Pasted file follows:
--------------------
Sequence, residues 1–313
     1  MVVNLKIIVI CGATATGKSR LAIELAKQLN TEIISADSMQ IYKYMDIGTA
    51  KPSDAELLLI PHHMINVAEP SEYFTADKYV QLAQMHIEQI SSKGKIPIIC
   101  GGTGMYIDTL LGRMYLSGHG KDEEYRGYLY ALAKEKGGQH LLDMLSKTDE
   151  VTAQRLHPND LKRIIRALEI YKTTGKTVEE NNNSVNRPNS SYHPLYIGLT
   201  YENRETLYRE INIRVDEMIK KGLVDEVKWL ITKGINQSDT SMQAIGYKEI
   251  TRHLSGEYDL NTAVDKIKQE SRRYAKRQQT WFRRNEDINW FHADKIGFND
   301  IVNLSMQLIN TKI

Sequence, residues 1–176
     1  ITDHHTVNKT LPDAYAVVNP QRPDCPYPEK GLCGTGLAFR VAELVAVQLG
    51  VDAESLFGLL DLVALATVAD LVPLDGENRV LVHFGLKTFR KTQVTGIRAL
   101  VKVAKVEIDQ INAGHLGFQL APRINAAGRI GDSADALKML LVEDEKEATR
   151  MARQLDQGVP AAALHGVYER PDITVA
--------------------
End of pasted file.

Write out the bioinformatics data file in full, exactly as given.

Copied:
Sequence, residues 1–313
     1  MVVNLKIIVI CGATATGKSR LAIELAKQLN TEIISADSMQ IYKYMDIGTA
    51  KPSDAELLLI PHHMINVAEP SEYFTADKYV QLAQMHIEQI SSKGKIPIIC
   101  GGTGMYIDTL LGRMYLSGHG KDEEYRGYLY ALAKEKGGQH LLDMLSKTDE
   151  VTAQRLHPND LKRIIRALEI YKTTGKTVEE NNNSVNRPNS SYHPLYIGLT
   201  YENRETLYRE INIRVDEMIK KGLVDEVKWL ITKGINQSDT SMQAIGYKEI
   251  TRHLSGEYDL NTAVDKIKQE SRRYAKRQQT WFRRNEDINW FHADKIGFND
   301  IVNLSMQLIN TKI

Sequence, residues 1–176
     1  ITDHHTVNKT LPDAYAVVNP QRPDCPYPEK GLCGTGLAFR VAELVAVQLG
    51  VDAESLFGLL DLVALATVAD LVPLDGENRV LVHFGLKTFR KTQVTGIRAL
   101  VKVAKVEIDQ INAGHLGFQL APRINAAGRI GDSADALKML LVEDEKEATR
   151  MARQLDQGVP AAALHGVYER PDITVA